Lower risk of heart disease

One of the risk factors for heart disease is high blood pressure (HBP). According to the Centers for Disease Control and Prevention (CDC), getting enough rest every night allows the body’s blood pressure to self-regulate, thereby reducing the chance of sleep-related problems (such as apnea) and promoting overall heart health.

Preventing depression

The link between sleep and mental health has long been the subject of research. One conclusion is that there is a link between insufficient sleep and depression. A study published in JAMA Psychiatry investigated suicide death patterns over the past 10 years. It concluded that lack of sleep is a factor in many such deaths. Another study in the Journal of Psychiatry from Australia and New Zealand showed that people with sleep disorders such as insomnia may show signs of depression.

Boosts the immune system

Sleep at least 8 hours a night, you can boost your immune function and help fight the common cold. Studies have shown that even a slight lack of sleep can reduce your immune function. In fact, it has been found that people who sleep less than 7 hours a night are almost three times more likely to catch a cold than people who sleep 8 hours or more.

Lower inflammation

Poor night sleep can have a major impact on inflammation in your body because lack of sleep can trigger bad signs of inflammation and cell damage. If you often do not sleep well, the digestive tract may become chronically inflamed. This may lead to inflammatory bowel disease and may increase the risk of disease recurrence.

Maximize athletic performance

Sleep has been proven to improve athletic performance; in a study of basketball players, longer sleep was proven to significantly improve speed, accuracy, reaction time, and mental health. In older women, a study of more than 2,800 women found that lack of sleep is related to slower walking speed, lower grip strength, and difficulty in independent activities.

More social and emotional intelligence

Sleep is related to people’s emotions and social intelligence. People who don’t get enough sleep at night are more likely to have difficulty recognizing the emotions and expressions of others.

For example, a study in the Journal of Sleep Research which is looked at people’s responses to emotional stimuli. The researchers concluded that similar to many previous studies when a person lacks sleep, their emotional empathy decreases.

How much sleep do we need?

How much sleep do we need?

How much sleep do we really need? To know about this, let us consider an experiment conducted by researchers from the University of Pennsylvania and Washington State University.

The researchers started the experiment by collecting 48 healthy men and women who slept an average of seven to eight hours a night. Then they divided these themes into four groups. The first group had to stay up and down for 3 consecutive days. The second group slept for 4 hours every night. Every night the third group slept for 6 hours. Every night the fourth group slept for 8 hours. In the last three groups, 4, 6, and 8 hours of sleep, the subjects maintained these sleep patterns for two consecutive weeks.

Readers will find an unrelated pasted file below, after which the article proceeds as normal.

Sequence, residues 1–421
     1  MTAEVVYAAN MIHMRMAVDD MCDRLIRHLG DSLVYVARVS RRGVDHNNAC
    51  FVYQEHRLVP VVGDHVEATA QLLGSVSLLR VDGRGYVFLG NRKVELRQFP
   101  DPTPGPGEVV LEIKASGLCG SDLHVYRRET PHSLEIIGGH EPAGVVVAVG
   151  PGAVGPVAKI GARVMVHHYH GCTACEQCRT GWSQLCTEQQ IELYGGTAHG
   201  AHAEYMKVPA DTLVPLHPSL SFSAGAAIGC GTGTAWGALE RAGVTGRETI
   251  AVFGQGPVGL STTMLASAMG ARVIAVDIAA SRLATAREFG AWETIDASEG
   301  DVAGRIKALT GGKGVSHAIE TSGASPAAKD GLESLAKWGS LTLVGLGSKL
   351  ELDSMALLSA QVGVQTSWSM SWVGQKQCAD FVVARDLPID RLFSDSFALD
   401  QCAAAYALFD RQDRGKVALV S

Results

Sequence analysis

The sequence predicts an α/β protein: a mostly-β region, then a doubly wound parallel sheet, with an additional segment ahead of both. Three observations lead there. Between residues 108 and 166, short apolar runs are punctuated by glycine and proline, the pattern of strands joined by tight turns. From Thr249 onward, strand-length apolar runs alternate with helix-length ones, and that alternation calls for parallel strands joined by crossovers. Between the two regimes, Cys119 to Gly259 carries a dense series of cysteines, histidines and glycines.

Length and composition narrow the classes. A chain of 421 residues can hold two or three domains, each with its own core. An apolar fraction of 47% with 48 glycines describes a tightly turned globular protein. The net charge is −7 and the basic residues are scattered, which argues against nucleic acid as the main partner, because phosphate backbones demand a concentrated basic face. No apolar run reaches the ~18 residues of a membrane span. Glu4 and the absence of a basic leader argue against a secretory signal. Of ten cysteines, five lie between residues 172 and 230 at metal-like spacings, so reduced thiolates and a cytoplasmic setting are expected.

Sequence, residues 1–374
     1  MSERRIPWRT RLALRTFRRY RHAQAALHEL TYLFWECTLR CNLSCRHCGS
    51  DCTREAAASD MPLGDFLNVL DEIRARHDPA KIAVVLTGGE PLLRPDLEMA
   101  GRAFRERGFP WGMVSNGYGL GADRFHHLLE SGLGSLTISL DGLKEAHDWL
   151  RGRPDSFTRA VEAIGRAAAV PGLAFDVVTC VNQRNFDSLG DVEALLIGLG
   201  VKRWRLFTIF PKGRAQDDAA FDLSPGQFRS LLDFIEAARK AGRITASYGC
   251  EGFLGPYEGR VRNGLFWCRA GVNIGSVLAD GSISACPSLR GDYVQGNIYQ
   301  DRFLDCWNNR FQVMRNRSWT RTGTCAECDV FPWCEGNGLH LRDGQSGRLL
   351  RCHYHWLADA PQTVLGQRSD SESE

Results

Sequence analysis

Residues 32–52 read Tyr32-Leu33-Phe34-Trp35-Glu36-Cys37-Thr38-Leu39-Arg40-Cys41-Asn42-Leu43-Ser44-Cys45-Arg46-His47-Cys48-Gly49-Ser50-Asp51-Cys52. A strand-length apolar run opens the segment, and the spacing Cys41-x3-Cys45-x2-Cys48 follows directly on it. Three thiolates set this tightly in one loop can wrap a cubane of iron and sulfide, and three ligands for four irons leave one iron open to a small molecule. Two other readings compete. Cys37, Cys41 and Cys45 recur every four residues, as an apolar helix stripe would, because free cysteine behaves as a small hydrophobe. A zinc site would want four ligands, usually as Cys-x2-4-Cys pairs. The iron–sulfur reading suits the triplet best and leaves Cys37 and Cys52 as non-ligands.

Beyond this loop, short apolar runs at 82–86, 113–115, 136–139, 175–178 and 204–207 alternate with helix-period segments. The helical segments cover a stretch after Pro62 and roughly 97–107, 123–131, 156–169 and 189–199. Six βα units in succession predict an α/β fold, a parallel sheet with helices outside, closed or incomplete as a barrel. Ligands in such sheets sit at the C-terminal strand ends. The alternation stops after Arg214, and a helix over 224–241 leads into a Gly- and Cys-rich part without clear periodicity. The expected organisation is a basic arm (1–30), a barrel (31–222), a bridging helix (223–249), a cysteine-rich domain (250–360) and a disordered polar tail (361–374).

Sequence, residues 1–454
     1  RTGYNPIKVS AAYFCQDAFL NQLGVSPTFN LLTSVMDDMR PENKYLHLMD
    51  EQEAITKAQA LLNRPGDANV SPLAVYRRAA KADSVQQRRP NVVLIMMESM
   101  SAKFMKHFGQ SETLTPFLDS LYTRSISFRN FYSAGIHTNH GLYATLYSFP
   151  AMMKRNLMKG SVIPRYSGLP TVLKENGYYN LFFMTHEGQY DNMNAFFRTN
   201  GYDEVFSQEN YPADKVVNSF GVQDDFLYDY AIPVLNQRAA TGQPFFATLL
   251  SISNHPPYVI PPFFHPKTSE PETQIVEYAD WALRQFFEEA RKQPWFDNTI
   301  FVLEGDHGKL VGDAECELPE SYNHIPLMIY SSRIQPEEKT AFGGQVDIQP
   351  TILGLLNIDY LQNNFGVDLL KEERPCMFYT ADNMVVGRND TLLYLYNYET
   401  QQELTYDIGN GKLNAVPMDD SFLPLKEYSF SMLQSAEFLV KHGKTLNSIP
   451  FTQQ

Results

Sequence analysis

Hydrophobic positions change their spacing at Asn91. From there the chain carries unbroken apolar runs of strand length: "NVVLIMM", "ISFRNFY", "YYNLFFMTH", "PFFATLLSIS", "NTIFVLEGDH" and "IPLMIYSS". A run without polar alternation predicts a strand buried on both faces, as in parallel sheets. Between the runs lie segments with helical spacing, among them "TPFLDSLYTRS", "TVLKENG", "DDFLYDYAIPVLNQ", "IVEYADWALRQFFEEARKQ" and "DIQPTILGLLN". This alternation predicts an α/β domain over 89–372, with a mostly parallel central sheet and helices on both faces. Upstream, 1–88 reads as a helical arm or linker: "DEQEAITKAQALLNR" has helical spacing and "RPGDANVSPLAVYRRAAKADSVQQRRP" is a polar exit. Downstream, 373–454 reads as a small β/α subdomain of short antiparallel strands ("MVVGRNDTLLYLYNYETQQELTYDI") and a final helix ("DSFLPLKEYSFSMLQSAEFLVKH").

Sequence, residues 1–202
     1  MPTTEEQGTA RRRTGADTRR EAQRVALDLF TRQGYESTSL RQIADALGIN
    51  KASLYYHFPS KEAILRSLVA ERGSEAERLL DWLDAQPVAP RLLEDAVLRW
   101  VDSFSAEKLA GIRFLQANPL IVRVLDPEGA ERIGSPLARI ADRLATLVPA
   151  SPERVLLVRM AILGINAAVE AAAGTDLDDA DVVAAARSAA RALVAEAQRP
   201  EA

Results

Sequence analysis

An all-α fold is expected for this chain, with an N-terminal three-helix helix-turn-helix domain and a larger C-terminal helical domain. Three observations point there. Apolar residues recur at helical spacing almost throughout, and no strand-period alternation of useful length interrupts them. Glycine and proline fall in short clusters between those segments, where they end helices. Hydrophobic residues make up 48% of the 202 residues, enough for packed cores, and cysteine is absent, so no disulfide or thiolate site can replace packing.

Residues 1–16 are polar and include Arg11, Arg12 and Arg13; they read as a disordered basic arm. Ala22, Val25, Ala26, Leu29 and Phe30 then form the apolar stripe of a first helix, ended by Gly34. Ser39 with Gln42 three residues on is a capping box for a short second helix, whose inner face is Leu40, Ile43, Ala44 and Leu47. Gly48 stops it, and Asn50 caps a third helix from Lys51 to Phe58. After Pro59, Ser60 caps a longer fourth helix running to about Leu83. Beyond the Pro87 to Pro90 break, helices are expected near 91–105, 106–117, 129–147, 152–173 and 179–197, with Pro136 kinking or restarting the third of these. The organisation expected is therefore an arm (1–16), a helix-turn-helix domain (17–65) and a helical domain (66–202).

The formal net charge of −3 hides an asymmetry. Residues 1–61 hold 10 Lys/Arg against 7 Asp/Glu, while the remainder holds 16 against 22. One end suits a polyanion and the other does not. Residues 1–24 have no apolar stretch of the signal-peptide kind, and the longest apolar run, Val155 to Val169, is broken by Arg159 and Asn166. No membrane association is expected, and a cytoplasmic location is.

Throughout the experiment, the physical and mental performance of the subjects were evaluated.

Here’s the thing…

In the 14-day study, subjects who were allowed to sleep for 8 hours did not show a cognitive decline, decreased concentration, or decreased motor skills.

At the same time, the sleep duration of 4 hours and 6 hours of the group decreased steadily every day. The four-hour group performed worse, but the six-hour group was not much better. In particular, there are two notable findings:

First, sleep debt is a cumulative problem. In the words of the researchers, sleep debt “has a neurobiological cost that accumulates over time.” A week later, 25% of people in the 6-hour group fell asleep at random times of the day.

Two weeks later, the performance deficit in the 6-hour group was the same as if they stayed up late for two consecutive days. Let me say it again: if you sleep 6 hours a night for two consecutive weeks, your mental and physical performance will drop to the same level as if you didn’t sleep for 48 hours.

Second, the participants did not notice their performance. When participants rate themselves, they think their performance will drop for a few days and then drop. In fact, they are getting worse every day. In other words, we have poor judgments about the decline in our own performance, even if we are experiencing them.

The proper amount of sleep depends largely on your age. The National Sleep Foundation recommends the following daily sleep allowances for different age groups.

Age groupAge rangeThe recommended amount of sleep per day
Newborn0-3 months14-17 hours
Infant4-11 months12-15 hours
Toddler1-2 years11-14 hours
Preschool3-5 years10-13 hours
School-age6-13 years9-11 hours
Teen14-17 years8-10 hours
Young Adult18-25 years7-9 hours
Adult26-64 years7-9 hours
Older Adult65 years or older7-8 hours
Disclaimer: This chart is collected from the Sleep Foundation.

How to get enough sleep at night?

Think about all the factors that affect a good night’s sleep, from work pressure and family responsibilities to unexpected challenges such as illness. No wonder high-quality sleep is sometimes elusive.

How to get enough sleep at night
How to get enough sleep at night?